Apple erases the pay gap for women and minorities as its diversity figures slowly improveBy Rob Thubron 11 comments
Apple has just released its latest inclusion and diversity report, which shows that the Cupertino firm has now completely closed the pay gap between men and woman and white and nonwhite employees in the US.
"We've achieved pay equity in the United States for similar roles and performance," Apple said in Wednesday's report. "Women earn one dollar for every dollar male employees earn. And underrepresented minorities earn one dollar for every dollar white employees earn."
Apple spent the last year conducting an internal pay equity study that showed female employees were earning 99.6 cents on the dollar compared to their male counterparts, according to Business Insider, which is a lot better than many Silicon Valley companies. Underrepresented minorities (URMs), meanwhile, were making 99.7 cents on the dollar compared to white employees.
As noted by CNET, the White House says US women earn 78 cents to the dollar compared to men.
In terms of new hires, Apple is slowly increasing its number of female and URM workers. In 2014, women made up 31 percent of new hires, now that figure is at 37 percent. URM hires, meanwhile, have increased 6 percent in the last two years to 27 percent.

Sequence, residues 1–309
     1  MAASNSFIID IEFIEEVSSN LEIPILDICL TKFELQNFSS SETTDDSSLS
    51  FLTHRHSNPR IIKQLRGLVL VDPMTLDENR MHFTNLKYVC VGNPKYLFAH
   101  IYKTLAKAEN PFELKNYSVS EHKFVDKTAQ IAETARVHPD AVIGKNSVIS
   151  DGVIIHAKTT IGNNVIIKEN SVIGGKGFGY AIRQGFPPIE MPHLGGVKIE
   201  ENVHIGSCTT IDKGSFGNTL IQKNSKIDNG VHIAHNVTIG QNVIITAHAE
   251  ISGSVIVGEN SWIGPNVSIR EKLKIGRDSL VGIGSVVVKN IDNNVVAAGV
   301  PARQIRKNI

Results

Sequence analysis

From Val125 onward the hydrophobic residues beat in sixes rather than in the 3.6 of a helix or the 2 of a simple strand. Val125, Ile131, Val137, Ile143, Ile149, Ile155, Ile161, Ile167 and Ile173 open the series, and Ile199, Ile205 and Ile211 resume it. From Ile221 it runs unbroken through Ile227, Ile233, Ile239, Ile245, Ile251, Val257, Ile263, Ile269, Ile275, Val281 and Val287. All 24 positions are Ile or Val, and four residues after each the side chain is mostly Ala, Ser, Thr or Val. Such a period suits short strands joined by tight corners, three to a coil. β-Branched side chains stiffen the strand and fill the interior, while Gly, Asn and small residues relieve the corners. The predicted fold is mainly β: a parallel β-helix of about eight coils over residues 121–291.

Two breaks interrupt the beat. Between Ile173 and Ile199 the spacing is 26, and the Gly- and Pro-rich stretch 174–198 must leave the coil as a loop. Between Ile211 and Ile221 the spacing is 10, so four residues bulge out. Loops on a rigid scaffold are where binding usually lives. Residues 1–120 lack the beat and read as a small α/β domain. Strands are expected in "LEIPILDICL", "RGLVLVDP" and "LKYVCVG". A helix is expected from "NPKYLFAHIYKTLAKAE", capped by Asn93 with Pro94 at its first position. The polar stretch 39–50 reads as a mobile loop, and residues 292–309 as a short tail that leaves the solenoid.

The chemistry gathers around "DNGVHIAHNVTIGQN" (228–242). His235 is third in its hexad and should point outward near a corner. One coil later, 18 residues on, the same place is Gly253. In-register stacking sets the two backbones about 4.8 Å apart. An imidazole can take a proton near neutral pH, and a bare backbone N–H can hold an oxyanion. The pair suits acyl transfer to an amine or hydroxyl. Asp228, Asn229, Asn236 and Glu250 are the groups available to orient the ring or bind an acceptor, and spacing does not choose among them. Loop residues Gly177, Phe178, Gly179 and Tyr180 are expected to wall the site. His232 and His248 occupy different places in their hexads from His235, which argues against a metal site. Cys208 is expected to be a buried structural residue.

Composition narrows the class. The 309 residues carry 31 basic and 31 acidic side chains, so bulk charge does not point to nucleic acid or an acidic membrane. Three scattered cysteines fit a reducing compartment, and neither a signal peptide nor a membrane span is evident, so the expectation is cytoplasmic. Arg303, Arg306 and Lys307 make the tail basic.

Apple classifies URMs as "Black, Hispanic, Native American, Native Hawaiian, and Other Pacific Islander." When you include Asians in the minorities figures, 54 percent of Apple's new hires are non-white.
The iPhone maker's leadership roles continue to be dominated by white males. Men make up 72 percent of these positions globally, while 67 percent of its US leaders are white.
Overall, Apple is still mostly made up of white men; 68 percent of its total workforce are male, down from 69 percent last year, and 56 percent are white, an increase of 2 percent from 2015. The company said it is trying to diversify its employees with new hires.
"We see diversity as everything that makes an employee who they are. We foster a diverse culture that's inclusive of disability, religious belief, sexual orientation, and service to country. We want all employees to be comfortable bringing their entire selves to work every day. Because we believe our individual backgrounds, perspectives, and passions help us create the ideas that move all of us forward," wrote Apple.